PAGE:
Autopsy Rates in the Department of Veterans Affairs Comparisons by Treating Specialty and VenueGary Hsin*, Periyakoil VJ and James Hallenbeck
Department of Medicine, Stanford University School of Medicine, USA
- *Corresponding Author:
- Dr. Gary Hsin
VA Palo Alto Health Care System
3801 Miranda Ave, Palo Alto, CA 94304, USA
E-mail: [email protected]
Received date: November 10, 2012; Accepted date: March 14, 2012; Published date: March 16, 2012
Citation: Hsin G, Periyakoil VJ, Hallenbeck J (2012) Autopsy Rates in the Department of Veterans Affairs Comparisons by Treating Specialty and Venue. J Palliative Care Med 2:109. doi:10.4172/2165-7386.1000109
Copyright: © 2012 Hsin G, et al. This is an open-access article distributed under the terms of the Creative Commons Attribution License, which permits unrestricted use, distribution, and reproduction in any medium, provided the original author and source are credited.
Background: Institutional autopsy rates have fallen in recent years. Significant variability in autopsy rates by venue of care has been described.
Objectives: To compare institutional autopsy rates by treatment specialty and venue in the Department of Veterans Affairs and to the community. To explore the role of palliative care in autopsy inquiries.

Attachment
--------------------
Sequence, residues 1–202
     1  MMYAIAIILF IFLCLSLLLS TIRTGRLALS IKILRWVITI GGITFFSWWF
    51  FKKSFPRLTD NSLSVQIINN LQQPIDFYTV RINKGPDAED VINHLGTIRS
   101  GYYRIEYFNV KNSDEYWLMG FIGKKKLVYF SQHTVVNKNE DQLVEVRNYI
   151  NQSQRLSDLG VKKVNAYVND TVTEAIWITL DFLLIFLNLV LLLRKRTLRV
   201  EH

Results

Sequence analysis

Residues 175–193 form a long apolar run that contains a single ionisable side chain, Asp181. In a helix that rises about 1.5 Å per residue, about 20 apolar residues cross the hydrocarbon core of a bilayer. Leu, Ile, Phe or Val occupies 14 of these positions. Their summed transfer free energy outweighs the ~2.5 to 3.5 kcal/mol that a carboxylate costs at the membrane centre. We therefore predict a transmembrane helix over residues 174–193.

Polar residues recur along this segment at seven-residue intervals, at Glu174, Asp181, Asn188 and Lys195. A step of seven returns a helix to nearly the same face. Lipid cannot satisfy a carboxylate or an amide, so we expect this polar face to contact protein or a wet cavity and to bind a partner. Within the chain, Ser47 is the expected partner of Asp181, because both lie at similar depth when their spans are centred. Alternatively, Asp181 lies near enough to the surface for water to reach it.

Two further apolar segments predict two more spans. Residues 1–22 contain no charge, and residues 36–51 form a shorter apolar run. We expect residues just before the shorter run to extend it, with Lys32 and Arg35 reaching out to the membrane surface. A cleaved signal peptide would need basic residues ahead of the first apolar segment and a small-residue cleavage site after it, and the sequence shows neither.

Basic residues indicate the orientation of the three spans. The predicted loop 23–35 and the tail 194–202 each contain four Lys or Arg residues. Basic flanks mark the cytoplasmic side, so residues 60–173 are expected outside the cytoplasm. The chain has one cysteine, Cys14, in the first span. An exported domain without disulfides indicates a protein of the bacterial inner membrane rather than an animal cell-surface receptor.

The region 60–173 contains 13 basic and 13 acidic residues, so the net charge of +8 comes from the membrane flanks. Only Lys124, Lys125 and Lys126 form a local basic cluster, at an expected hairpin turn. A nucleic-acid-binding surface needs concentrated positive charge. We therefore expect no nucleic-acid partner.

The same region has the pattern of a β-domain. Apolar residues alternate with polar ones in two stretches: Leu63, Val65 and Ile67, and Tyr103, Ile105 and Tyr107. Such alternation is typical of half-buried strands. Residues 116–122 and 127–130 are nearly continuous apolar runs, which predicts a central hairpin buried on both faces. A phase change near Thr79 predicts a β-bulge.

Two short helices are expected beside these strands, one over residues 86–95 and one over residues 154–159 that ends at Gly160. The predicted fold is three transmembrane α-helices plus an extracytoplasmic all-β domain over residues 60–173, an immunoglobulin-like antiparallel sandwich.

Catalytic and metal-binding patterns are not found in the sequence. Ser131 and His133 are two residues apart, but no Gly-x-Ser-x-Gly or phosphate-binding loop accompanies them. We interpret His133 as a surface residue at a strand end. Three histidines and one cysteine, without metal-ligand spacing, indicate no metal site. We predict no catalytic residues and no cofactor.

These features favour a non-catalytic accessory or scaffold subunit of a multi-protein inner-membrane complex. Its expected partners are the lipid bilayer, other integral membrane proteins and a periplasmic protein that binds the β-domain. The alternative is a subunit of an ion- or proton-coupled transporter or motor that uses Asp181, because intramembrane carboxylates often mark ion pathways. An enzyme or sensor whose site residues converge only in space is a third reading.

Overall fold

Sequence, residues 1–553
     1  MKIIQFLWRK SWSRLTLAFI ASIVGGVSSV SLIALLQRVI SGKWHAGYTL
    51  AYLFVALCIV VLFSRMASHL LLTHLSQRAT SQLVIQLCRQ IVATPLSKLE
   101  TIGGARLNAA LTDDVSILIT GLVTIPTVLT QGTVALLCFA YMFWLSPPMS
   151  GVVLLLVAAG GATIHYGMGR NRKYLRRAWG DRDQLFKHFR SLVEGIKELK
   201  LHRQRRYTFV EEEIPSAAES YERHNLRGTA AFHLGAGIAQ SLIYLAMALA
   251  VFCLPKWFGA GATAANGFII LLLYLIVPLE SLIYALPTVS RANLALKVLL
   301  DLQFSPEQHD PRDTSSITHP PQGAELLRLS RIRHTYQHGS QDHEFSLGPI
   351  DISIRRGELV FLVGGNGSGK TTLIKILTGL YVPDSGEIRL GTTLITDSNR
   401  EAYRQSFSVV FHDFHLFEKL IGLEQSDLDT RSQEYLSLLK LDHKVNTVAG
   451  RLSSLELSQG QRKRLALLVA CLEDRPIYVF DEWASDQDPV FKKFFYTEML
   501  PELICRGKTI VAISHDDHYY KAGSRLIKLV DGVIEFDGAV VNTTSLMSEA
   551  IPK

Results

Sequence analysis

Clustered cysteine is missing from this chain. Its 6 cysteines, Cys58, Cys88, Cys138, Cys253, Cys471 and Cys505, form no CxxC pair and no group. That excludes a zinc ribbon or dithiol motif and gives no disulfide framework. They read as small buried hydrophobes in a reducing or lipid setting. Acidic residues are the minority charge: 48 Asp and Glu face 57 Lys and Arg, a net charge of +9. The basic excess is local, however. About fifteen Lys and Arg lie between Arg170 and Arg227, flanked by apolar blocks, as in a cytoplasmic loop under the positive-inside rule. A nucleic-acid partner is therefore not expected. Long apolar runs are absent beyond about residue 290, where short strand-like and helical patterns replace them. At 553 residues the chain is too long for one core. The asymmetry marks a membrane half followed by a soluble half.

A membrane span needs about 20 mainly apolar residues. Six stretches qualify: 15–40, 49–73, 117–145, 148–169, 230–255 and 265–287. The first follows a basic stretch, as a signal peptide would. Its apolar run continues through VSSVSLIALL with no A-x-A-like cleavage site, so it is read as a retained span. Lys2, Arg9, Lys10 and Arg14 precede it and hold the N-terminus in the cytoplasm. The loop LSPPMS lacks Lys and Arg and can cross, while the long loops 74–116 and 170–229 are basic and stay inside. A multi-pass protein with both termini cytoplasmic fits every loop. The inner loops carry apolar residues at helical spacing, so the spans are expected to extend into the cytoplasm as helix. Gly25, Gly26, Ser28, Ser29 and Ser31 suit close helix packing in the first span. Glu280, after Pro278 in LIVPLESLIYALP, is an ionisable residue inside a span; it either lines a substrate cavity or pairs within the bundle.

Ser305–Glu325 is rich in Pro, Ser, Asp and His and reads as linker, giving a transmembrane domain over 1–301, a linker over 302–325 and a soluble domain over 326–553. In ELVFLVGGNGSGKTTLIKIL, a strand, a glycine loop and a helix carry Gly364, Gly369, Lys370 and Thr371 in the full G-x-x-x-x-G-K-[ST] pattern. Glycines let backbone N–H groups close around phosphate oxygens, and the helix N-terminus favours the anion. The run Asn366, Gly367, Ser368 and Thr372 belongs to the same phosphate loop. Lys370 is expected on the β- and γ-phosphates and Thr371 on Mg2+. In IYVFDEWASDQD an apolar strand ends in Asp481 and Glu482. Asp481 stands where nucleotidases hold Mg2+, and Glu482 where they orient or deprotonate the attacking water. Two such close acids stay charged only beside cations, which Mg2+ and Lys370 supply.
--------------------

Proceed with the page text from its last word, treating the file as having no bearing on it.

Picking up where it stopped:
Research Design: Compare national autopsy rates by acute care and nursing home treating specialties for two fiscal years.
Subjects: Decedents as recorded anonymously in a national VA database, classified by terminal venue of care, treating specialty, and autopsy status.
Measures: Chi-squared, Odds ratios for data using nominal scales, linear regression for interval scale data.
Results: 40,481 deaths in fiscal years 2006-2007 were examined. As compared to those dying in general medicine (autopsy rate [A.R]: 7.6%), decedents elsewhere were significantly more likely to undergo autopsies on surgical intensive care (A.R: 14.7%), surgical ward (A.R: 15.7%), or medical intensive care (A.R: 10.6%) treating specialties (Odds ratio [O.R]: 2.10, 2.27, 1.45, respectively, p.0.000) and less likely to undergo autopsy in nursing home (A.R: 5.7%) or inpatient hospice (A.R: 3.7%) treating specialties (O.R: 0.74, 0.47 respectively). VA acute hospital autopsy rates have declined 29% over the past 10 years.
Conclusions: VA autopsy rates show significant variation across venues and specialties, but are still generally higher than in the private sector, although still low against historic norms. Significant changes in education and processes regarding autopsy inquiry must take place.